5. M. Alpers, R. Eixmann, C. Fricke-Begemann, M. Gerding, and J. Höffner, “Temperature lidar measurements from 1 to 105 km altitude using resonance, Rayleigh, and Rotational Raman scattering,” Atmos. Chem. Phys.4(3), 793–800 (2004). [CrossRef]
  6. U. N. Singh, P. Keckhut, T. J. McGee, M. R. Gross, A. Hauchecorne, E. F. Fishbein, J. W. Water, J. C. Gille, A. E. Roche, and J. M. Russell, “Stratospheric temperature measurements by two collocated NDSC lidars during UARS validation campaign,” J. Geophys. Res.101(D6), 10287–10297 (1996).
  7. H. Shimizu, Y. Sasano, H. Nakane, N. Sugimoto, I. Matsui, and N. Takeuchi, “Large scale laser radar for measuring aerosol distribution over a wide area,” Appl. Opt.24(5), 617–626 (1985). [CrossRef] [PubMed]
  8. Y. Likura, N. Sugimoto, Y. Sasano, and H. Shimzu, “Improvement on lidar data processing for stratospheric aerosol measurements,” Appl. Opt.26(24), 5299–5306 (1987). [CrossRef] [PubMed]
  9. F. Cairo, F. Congeduti, M. Poli, S. Centurioni, and G. Di Donfrancesco, “A survey of the signal induced noise in photomultiplier detection of wide dynamics luminous signals,” Rev. Sci. Instrum.67(9), 3274–3280 (1996). [CrossRef]
  10. W. H. Hunt and S. K. Poultney, “Testing the linearity of response of gated photomultipliers in wide dynamic range laser radar systems,” IEEE Trans. Nucl. Sci. NS22(1), 116–120 (1975). [CrossRef]
  11. J. A. Sunesson, A. Apituley, and D. P. J. Swart, “Differential absorption lidar system for routine monitoring of tropospheric ozone,” Appl. Opt.33(30), 7045–7058 (1994). [CrossRef] [PubMed]
  12. H. S. Lee, G. K. Schwemmer, C. L. Korb, M. Dombrowski, and C. Prasad, “Gated photomultiplier response characterization for DIAL measurements,” Appl. Opt.29(22), 3303–3315 (1990). [CrossRef] [PubMed]
  13. I. S. McDermid, S. M. Godin, R. A. Barnes, C. L. Parsons, A. Torres, M. P. McCormick, W. P. Chu, P. Wang, J. Butler, P. Newman, J. Burris, R. Ferrare, D. Whiteman, and T. J. McGee, “Comparison of ozone profiles from ground-based lidar, ECC balloon sonde, ROCOZ-A rocket sonde, and SAGE-2 satellite measurements,” J. Geophys. Res.95, 10037–10042 (1990). [CrossRef]
  14. M. H. Proffitt and A. O. Langford, “Ground-based differential absorption lidar system for day or night measurements of ozone throughout the free troposphere,” Appl. Opt.36(12), 2568–2585 (1997). [CrossRef] [PubMed]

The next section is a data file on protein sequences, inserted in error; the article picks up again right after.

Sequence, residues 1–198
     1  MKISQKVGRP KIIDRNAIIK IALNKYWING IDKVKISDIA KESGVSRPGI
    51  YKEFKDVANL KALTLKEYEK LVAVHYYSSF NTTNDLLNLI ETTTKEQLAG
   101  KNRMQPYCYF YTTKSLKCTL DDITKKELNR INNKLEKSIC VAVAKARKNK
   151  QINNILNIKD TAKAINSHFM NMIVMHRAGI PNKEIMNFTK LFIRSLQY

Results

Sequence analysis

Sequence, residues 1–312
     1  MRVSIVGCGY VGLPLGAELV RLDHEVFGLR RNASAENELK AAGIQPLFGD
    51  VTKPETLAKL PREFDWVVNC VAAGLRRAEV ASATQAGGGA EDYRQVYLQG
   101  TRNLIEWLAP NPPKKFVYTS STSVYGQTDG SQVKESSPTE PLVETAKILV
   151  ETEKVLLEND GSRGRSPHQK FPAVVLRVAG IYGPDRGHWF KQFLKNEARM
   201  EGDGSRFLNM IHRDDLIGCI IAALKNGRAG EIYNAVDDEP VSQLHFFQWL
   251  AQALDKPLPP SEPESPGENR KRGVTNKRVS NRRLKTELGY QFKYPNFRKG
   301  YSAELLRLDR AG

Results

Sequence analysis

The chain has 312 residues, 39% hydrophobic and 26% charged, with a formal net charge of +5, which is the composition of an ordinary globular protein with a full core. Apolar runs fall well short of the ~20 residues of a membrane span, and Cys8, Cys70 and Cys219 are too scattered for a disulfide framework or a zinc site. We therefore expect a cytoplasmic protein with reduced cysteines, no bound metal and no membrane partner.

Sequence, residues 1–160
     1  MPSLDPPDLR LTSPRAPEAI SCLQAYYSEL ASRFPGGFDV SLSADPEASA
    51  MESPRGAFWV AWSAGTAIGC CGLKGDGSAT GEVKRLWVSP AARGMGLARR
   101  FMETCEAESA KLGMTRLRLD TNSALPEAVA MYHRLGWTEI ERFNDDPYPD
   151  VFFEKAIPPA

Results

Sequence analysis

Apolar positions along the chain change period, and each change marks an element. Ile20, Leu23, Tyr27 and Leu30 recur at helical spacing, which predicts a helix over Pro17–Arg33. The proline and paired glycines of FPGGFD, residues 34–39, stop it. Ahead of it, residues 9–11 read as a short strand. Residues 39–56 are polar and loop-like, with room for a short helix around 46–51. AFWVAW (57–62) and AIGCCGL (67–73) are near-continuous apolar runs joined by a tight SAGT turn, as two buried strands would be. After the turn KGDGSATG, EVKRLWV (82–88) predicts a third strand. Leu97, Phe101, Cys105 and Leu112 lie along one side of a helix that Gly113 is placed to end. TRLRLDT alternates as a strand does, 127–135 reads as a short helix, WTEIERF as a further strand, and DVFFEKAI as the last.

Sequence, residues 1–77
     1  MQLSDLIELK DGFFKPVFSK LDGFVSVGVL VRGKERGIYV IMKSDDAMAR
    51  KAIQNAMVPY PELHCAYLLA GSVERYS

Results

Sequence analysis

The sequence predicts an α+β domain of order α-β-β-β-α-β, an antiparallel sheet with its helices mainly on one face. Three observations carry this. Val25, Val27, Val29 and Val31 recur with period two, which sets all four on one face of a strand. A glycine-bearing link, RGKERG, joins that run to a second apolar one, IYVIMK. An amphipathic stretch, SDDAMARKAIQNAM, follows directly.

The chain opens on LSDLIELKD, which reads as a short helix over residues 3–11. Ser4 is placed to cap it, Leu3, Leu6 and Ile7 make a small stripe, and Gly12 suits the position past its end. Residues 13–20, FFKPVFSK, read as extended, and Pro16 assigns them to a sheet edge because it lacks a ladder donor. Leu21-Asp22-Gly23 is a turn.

15. C. Wang, “New Chains of Space Weather Monitoring Stations in China,” Space Weather8(8), S08001 (2010). [CrossRef]
  16. M. De Vincenzi, G. Penso, A. Sciubba, and A. Sposito, “Experimental study of nonlinear effects on photomultiplier gain,” Nucl. Instrum. Methods Phys. Res.225(1), 104–112 (1984). [CrossRef]
  17. J. P. Boutot, J. Nussli, and D. Vallat, “Recent trends in photomultipliers for nuclear physics,” Adv. Electron. Electron Phys.60, 223–305 (1983). [CrossRef]
  18. M. L. Chanin and A. Hauchecorne, “Lidar studies of temperature and density using Rayleigh scattering,” in Handbook for MAP: Ground-Based Techniques, Vol. 13 of the Middle Atmosphere Program Series (Scientific Committee on Solar Terrestrial Physics, International Council of Scientific Unions, Urbana, Ill., 1984), paper 7.
  19. R. J. Sica, S. Sargoytchev, P. S. Argall, E. F. Borra, L. Girard, C. T. Sparrow, and S. Flatt, “Lidar measurements taken with a large-aperture liquid mirror. 1. Rayleigh-scatter system,” Appl. Opt.34(30), 6925–6936 (1995). [CrossRef] [PubMed]
  20. C. S. Gardner, “Sodium resonance fluorescence lidar applications in atmospheric science and astronomy,” Proc. IEEE77(3), 408–418 (1989). [CrossRef]
  21. C. S. Gardner, “Performance capabilities of middle-atmosphere temperature lidars: Comparison of Na, Fe, K, Ca, Ca+, and Rayleigh systems,” Appl. Opt.43(25), 4941–4956 (2004). [CrossRef] [PubMed]

Cited By

Alert me when this paper is cited

OSA is able to provide readers links to articles that cite this paper by participating in CrossRef's Cited-By Linking service. CrossRef includes content from more than 3000 publishers and societies. In addition to listing OSA journal articles that cite this paper, citing articles from other participating publishers will also be listed.

« Previous Article  |  Next Article »

OSA is a member of CrossRef.

CrossCheck Deposited